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Bode George is “smelling rod”

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By Ochereome Nnanna
THERE are two local expressions synonymous with being behind bars that I know. The first is “smelling rod”. The second is “eating beans”.

Those who coined them knew what they were saying because every prisoner or even detainee wants to come close to the iron bars in order to breathe fresh air and have another look at the fixed scenery. In Nigeria, the detainee’s main staple food is very poorly prepared (and usually watery) beans porridge. I don’t know why.

Former Deputy National Chairman of the ruling People’s Democratic Party (PDP), Chief Olabode George, now officially a convicted criminal, is cooling his feet in Kirikiri Prison after the historic Monday, October 26 Lagos High Court verdict which found him and five others guilty of corruption and abuse of office over the N85 billion Nigerian Ports Authority (NPA) contracts.

He is definitely smelling rod, but being such a fabulously wealthy man, he does not have to eat beans. He will, like his “older brother” in the Kirikiri penitentiary system, Major Hamza Al Mustapha, continue to have his choice of designer food ferried in from home or hotel.

You see, there is no justice in this world. Those who eat beans are the petty criminals or accused persons awaiting trial who cannot afford their own designer food. Big-timers eat Chinese or Continental or Africana, just as they wish!

Are we to say that if you have to be a criminal better be a big one? If you have to eat a toad eat a fattened one? Yet small-time felons hurt very few people. Those at the scale of the Bode George’s of Nigeria hurt the entire nation.

And that is obviously why not a single decent soul (apart from those who will miss the court-day carnivals that George spent so much to organise) has condemned the Justice Joseph Oyewole verdict that sent Bode George to Kirikiri where he will spend the next two and a half years.

You see, Bode George represents the worst values in the political elite who have ruled the affairs of Nigeria since 1999.

He wears the face of the Obasanjo years, when hypocrisy was raised to a high art. A war on corruption was announced to the world and a hunting dog, Malam Nuhu Ribadu, was sent to display for the benefit of a cheering public, while all the Obasanjo men and women helped themselves to the nation’s resources attached to their duty posts. Obasanjo himself is currently touted in some quarters as one of the richest men in Nigeria.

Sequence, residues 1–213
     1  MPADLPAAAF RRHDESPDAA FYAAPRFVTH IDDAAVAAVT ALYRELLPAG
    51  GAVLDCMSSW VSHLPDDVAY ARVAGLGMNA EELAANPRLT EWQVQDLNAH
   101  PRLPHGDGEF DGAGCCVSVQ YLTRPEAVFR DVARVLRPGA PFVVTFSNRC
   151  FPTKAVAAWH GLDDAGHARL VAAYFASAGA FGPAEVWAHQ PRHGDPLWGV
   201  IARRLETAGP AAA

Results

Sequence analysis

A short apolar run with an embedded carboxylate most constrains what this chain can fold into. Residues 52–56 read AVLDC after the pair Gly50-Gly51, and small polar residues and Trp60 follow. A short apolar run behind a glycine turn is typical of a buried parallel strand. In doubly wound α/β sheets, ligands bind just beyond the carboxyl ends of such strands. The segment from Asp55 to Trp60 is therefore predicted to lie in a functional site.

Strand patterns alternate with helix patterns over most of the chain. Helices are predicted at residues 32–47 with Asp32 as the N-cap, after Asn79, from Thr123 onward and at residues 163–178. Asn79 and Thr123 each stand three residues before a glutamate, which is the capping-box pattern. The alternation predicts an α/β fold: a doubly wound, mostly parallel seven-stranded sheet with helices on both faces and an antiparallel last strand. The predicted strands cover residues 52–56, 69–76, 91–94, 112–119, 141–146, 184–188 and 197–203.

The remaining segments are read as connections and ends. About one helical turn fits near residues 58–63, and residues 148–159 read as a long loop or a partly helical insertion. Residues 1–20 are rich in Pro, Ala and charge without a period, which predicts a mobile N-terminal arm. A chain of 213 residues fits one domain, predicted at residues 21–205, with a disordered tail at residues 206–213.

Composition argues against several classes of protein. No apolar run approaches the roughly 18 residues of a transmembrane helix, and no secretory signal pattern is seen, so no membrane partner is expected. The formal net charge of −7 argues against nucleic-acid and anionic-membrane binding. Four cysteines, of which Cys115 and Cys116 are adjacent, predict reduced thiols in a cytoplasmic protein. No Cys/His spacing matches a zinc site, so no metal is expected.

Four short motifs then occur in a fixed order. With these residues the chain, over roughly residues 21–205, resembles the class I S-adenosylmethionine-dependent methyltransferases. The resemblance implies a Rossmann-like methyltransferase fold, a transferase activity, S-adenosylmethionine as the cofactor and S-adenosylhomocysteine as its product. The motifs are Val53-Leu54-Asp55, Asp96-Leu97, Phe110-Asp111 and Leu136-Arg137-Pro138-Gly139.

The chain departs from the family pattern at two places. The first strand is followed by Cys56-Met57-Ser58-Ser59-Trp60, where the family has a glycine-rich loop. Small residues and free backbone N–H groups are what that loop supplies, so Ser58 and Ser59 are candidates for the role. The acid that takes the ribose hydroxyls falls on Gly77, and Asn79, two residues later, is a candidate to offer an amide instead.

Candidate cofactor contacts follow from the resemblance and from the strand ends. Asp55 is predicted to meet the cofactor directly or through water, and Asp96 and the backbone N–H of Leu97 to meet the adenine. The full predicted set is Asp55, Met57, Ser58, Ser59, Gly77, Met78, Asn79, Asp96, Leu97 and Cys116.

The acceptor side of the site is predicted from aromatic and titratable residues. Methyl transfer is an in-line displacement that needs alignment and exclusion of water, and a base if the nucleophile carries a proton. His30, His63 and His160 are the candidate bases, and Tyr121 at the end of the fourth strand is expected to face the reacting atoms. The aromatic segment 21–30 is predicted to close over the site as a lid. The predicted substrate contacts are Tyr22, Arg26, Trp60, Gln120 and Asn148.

The other day he announced with glee that his Obasanjo Farms alone currently employs over 6,000 workers, up from a situation of total ruin in 1998 when rats ran the Farms.

During the years that Obasanjo and Bode George dominated the affairs of Nigeria , many prominent politicians were killed all in efforts to forcefully take over the South West and give Obasanjo a political base.

The political mainstream of the region was destroyed. When Obasanjo secured the South West, he desired to retain himself in power. Bode George was sent to Chimaroke Nnamani’s Enugu where he was caught on national television boasting: “We will not give them (North) power. They will never smell it again”. Few months later, Obasanjo went behind his back and gave power back to the North.

Bode George, just like James Ibori, Orji Kalu, Chimaroke Nnamani and Femi Fani-Kayode, glamorised corruption by sponsoring well-dressed men and women usually decked out in colourful Ankara cotton prints and accompanied by musical groups to his court outings.

Many complained that he was adding insult to injury because a person accused of crime of that magnitude should actually be sombre and ashamed.

He should try to hide his head. Culture demands that. But our political buccaneers were not raised on culture. They shot to fame by riding rough-shod over it.

Now I believe it: The arms of the law can be long – even in Nigeria !

Ribadu’s hypocrisy

FORMER Chairman of the Economic and Financial Crimes Commission (EFCC), Malam Nuhu Ribadu, was one of the first to rush an email response on Bode George’s conviction to NEXT newspapers last Monday after the verdict.

He was quoted to have described it as “a reference point in investigation and trial of corruption in Nigeria”, adding: “It is a measure of the shamelessness of our elites and the institutions that fuel their values that Chief George could be awarded a national honour in our country and that he could later sue some newspapers on account of the indictment report I prepared against him”.

It was this same Ribadu, shortly before Obasanjo stepped down as our president, who started saying there was no concrete evidence to prosecute George over the NPA affair. Ribadu challenged any who had any evidence against George to come forward with it, pointing out that he was only a ceremonial chairman and could not have been involved in contract wards.

This was a volt-face, because he had earlier on, after his investigations, given the impression that he had enough to send George to jail.

Ribadu looked the other way when The News published a ton of evidence against Bode George, for which the latter sued for libel.

It was Mrs Farida Waziri who, seeking to convince the public that she was serious in her pursuit of the war on corruption, resurrected Bode George’s file in the EFCC’s vault.

Perhaps, Ribadu had to make that about-face in May 2007 when he hoped to land the post of Inspector General of Police as Ibori had accused?

Or did he think we’d forgotten so soon? When he was Chairman of the EFCC, Bode George was one of Obasanjo’s untouchables, period!

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